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James has terrible dreams after returning to the clinic and seeing Lilly taken back into the detox unit. He goes to see Lincoln, who tells him that James’s behavior while retrieving Lilly is something he has never seen before. He also says that Lilly is doing okay but that her grandmother will need to pay for another term at the clinic. Ken and James meet with Randall, the clinic attorney, who delivers the news that James’s sentence in Ohio has been reduced to three months in a county jail and three years probation. Ken tells him that it’s also time for him to run through steps four and five of the program, which involve writing down an inventory of his misdeeds. Step five is admitting to yourself, to God, and another human being the exact content of the inventory. The clinic has an experienced priest who normally assists in this step. James is wary, but he agrees.
Back in the unit James notices that there is a new man who has tattoos and a fetid, rotting odor. The man is missing one arm and the other is missing from the elbow down. James goes back to him room and reads the Tao. Miles comes in and tells James that things have not been going well with his wife. James gives him a hug and holds him. Back in the lounge, Leonard makes an announcement: he has been told that he is free to leave the clinic the next day, so he has arranged for a lobster and steak dinner and cable television to watch the boxing match. The unit erupts with joy. At the dinner, James tries to help the new man with no arms get some food but is rudely rebuffed. James gets his own food and sits with Leonard and watches the fight. The night is so enjoyable that none of the men want to go to bed.
James has a new job the next day. It is “greeter.” He sits with his friends at their usual table and notices that there is someone new sitting by himself at the end of the table. His new job dictates that he greet the person, so he does. The man is named Michael and he is brusque at first. Michael tells his story of addiction and shame, and everyone at the table laughs at him. He is upset, but when everyone else tells him their stories, he realizes that they are all laughing with him and not at him. Joanne and James meet to talk about James’s discharge. Pending his successful completion of the final steps of the program, he may leave the day after tomorrow. Leonard is preparing to leave, but before going he gives James all of his contact information. Leonard has two other pieces of news. First, he’s paid for the rest of Lilly’s stay at the clinic. Second, he’d like to take James on as the son he’s never had. James agrees.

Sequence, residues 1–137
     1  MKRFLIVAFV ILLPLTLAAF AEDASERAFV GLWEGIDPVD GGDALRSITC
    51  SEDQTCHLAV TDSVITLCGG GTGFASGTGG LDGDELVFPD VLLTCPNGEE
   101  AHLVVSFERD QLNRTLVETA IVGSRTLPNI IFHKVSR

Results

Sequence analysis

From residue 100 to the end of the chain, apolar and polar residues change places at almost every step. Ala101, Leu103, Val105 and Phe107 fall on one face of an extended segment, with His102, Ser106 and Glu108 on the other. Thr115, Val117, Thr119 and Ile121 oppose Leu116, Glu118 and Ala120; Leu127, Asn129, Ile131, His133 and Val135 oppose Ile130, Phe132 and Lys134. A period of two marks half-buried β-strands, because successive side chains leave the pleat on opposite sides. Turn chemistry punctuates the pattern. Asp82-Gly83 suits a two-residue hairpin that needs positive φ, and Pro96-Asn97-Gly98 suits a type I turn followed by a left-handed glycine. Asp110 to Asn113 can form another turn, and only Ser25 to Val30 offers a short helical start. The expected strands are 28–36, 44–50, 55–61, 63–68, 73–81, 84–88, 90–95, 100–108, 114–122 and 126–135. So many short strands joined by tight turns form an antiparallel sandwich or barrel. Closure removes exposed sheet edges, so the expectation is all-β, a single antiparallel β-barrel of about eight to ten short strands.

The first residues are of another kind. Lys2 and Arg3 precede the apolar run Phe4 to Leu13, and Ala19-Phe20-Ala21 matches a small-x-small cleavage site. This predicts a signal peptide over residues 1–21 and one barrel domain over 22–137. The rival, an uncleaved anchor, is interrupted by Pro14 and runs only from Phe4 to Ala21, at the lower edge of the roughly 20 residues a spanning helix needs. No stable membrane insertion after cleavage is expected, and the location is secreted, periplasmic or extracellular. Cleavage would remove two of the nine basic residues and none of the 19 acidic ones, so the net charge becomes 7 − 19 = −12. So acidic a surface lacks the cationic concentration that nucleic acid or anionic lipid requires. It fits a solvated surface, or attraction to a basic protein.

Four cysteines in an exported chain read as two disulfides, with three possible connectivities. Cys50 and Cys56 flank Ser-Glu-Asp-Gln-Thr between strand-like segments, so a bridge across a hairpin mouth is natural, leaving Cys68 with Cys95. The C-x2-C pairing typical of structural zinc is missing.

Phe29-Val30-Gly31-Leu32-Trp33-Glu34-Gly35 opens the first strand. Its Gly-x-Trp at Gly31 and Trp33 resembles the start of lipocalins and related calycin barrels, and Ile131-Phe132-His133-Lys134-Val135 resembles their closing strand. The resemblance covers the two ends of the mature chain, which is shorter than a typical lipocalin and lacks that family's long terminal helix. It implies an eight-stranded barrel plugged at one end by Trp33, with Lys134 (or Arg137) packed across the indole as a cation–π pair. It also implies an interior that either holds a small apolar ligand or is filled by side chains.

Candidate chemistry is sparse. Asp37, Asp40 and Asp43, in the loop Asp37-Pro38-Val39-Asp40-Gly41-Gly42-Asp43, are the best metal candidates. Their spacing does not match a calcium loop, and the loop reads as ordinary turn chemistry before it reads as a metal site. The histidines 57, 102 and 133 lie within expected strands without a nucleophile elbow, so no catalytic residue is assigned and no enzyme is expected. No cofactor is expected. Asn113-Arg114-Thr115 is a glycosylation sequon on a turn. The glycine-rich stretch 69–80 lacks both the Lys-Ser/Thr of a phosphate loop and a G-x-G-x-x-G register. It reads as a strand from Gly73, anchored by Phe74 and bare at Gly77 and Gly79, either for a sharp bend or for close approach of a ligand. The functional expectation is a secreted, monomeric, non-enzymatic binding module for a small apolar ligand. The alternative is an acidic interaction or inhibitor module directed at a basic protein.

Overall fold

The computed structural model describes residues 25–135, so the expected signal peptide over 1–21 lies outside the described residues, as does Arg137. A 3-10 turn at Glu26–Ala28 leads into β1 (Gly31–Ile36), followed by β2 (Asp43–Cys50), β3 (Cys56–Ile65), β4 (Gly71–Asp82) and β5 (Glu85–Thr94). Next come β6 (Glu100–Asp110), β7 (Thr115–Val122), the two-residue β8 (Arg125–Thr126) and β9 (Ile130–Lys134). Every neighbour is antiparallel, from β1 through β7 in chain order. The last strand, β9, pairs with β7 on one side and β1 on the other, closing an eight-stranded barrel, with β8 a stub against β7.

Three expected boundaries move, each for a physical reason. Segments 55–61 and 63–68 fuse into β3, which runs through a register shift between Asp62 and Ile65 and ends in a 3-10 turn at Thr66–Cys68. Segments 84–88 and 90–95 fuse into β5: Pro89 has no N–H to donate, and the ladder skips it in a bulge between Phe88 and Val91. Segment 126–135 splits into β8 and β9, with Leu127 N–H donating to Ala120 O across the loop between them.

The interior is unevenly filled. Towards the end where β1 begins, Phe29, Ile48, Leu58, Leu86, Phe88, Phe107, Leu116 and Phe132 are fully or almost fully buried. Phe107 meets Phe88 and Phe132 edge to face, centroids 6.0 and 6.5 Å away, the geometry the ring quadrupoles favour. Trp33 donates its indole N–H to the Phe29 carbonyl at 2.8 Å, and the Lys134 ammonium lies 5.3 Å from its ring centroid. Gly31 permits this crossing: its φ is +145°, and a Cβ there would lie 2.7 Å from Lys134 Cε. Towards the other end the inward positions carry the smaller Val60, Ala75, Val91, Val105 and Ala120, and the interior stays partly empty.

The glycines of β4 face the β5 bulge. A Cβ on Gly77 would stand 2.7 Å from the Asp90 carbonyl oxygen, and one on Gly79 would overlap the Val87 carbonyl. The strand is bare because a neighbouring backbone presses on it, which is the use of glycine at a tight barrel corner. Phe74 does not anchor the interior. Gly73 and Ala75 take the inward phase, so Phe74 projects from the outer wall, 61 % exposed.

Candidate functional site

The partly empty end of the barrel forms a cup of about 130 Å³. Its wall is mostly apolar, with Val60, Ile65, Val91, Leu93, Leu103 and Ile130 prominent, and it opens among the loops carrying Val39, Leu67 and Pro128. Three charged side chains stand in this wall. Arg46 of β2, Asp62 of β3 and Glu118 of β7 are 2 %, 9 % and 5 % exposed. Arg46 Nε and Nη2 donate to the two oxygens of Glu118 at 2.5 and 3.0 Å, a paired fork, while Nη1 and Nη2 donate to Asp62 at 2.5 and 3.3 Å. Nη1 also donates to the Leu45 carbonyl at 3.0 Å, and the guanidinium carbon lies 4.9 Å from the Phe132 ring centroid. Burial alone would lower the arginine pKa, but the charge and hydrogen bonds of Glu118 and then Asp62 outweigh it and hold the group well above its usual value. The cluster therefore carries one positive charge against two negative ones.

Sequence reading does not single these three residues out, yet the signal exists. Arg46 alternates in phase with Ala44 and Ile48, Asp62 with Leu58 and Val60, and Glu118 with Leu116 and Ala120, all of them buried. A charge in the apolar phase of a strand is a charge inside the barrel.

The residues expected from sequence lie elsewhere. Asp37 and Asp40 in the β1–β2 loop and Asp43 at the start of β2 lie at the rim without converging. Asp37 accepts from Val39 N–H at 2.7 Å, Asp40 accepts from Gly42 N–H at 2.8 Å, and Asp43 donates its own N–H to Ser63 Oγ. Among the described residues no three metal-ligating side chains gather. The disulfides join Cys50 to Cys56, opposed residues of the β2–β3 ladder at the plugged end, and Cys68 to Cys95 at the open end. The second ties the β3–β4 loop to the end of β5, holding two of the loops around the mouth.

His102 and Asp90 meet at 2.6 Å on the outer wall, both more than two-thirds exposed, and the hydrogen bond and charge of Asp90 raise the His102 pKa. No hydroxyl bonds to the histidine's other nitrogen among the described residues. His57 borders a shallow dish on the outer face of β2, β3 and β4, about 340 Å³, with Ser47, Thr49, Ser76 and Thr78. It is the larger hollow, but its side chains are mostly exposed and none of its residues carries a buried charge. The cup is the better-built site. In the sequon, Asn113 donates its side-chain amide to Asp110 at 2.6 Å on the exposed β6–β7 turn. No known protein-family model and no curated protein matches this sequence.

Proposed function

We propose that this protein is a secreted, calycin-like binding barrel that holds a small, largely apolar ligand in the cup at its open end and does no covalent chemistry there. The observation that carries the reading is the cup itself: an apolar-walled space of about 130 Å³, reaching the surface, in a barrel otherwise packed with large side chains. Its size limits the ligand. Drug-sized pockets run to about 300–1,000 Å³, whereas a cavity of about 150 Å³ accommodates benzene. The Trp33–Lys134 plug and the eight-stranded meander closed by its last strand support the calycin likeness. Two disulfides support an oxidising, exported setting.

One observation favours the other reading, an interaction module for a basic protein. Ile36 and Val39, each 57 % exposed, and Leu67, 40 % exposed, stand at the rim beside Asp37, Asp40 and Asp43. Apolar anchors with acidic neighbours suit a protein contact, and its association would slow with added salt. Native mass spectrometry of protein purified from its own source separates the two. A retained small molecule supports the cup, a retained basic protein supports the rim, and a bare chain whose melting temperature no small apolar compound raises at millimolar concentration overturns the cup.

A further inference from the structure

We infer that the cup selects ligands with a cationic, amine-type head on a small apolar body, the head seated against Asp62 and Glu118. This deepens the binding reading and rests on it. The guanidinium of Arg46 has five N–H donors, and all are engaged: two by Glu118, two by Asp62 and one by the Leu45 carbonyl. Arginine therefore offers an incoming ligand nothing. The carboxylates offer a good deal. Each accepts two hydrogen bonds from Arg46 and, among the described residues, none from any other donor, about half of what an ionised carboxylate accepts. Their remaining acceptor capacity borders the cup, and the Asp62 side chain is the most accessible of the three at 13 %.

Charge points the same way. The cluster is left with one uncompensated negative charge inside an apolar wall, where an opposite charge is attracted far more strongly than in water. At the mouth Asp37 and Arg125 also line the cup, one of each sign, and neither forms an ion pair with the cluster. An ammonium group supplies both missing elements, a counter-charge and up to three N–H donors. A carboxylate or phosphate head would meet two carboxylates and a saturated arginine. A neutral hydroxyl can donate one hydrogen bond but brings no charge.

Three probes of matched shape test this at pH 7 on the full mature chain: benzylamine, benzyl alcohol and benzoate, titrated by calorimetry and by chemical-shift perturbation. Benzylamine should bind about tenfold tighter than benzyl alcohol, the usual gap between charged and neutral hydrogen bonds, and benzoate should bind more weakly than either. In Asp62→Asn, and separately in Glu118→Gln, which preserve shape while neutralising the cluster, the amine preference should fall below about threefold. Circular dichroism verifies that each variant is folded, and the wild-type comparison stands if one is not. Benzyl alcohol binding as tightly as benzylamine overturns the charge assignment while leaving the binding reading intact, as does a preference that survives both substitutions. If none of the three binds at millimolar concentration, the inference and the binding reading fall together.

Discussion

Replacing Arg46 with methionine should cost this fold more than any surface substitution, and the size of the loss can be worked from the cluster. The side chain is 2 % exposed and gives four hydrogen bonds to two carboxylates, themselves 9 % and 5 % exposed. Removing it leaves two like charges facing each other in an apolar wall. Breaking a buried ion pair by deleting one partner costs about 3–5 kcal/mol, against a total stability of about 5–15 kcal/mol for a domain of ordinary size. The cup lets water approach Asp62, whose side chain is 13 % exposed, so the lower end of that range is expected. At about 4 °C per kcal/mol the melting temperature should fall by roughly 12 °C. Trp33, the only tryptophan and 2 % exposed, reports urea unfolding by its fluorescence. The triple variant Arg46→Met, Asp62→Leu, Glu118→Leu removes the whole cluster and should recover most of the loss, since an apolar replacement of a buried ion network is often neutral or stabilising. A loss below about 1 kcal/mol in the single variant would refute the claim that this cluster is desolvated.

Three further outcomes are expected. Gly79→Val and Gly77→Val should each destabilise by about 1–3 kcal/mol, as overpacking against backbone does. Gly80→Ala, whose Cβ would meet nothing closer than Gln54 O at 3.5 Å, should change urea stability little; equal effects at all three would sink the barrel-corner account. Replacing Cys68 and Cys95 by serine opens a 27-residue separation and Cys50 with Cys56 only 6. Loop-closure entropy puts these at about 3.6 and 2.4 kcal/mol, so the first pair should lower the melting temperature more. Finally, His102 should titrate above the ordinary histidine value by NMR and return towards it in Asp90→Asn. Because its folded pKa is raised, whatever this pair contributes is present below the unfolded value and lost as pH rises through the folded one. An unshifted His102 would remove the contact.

After Leonard’s dramatic departure, James goes to lunch. He meets Miles, who tells him that his wife is going to come to the Family Program. James calls his brother Bob and asks if he can stay with him for a little while. He gets a pad and a pen and goes outside to work on his inventory of himself, which ends up at an impressive twenty-two pages. After reading it over, he indicates that there is one more thing he must confess, but that he has not written it down on the list.
As James’s stay in the clinic ends, new patients are being admitted who serve as markers of his progress. The first is a truly terrifying specter—a rotting husk of a human being. The man is physically injured, silent, and disgusting. Basically, he is much like James must have been on admission, even down to refusing help with his dinner. It wouldn’t be too off the mark to say this man is like a ghost (he even smells like he is dying), a physical reminder to James of what he was, and what he will be if he goes back to his old ways. The second new person is Michael, who, like the Bald Man, tells his story only to find the men responding in laughter. The difference this time, however, is that the laughter is much more genial. There is a sense of camaraderie now that was not so apparent before. Also, we see that James can finally focus on someone other than himself. He tries to help these two men. On the telephone with his parents, he takes the time to ask how they are. The profound selfishness that marked James’s early days in the clinic is starting to subside. Other people now matter.
In the dinner scene, we see this calmer, more relaxed James at his best, and we see that his former behaviors are not unique to him. When presented with a nice meal, the men in the unit slip into extremely odd and somewhat repulsive eating habits. They cram whole lobster tails into their mouths, eat with their fingers, and rip at porterhouse steak with their teeth. James is reminded of his own first few days at the clinic, when he ate with his fingers and stuffed himself to the point of vomiting. This is the nature of addiction. The hunger, the need, the greed—these things are lessening for James. He now eats like a normal human being. He savors every bite and tastes the food. The dinner scene also marks the second time that Leonard has commanded the evening and brought some life and joy into the world of the clinic. Leonard’s influence is tremendous, and he offers the most valuable thing possible: hope. Though he eats as messily as the other men, he remains a deeply civilizing force.
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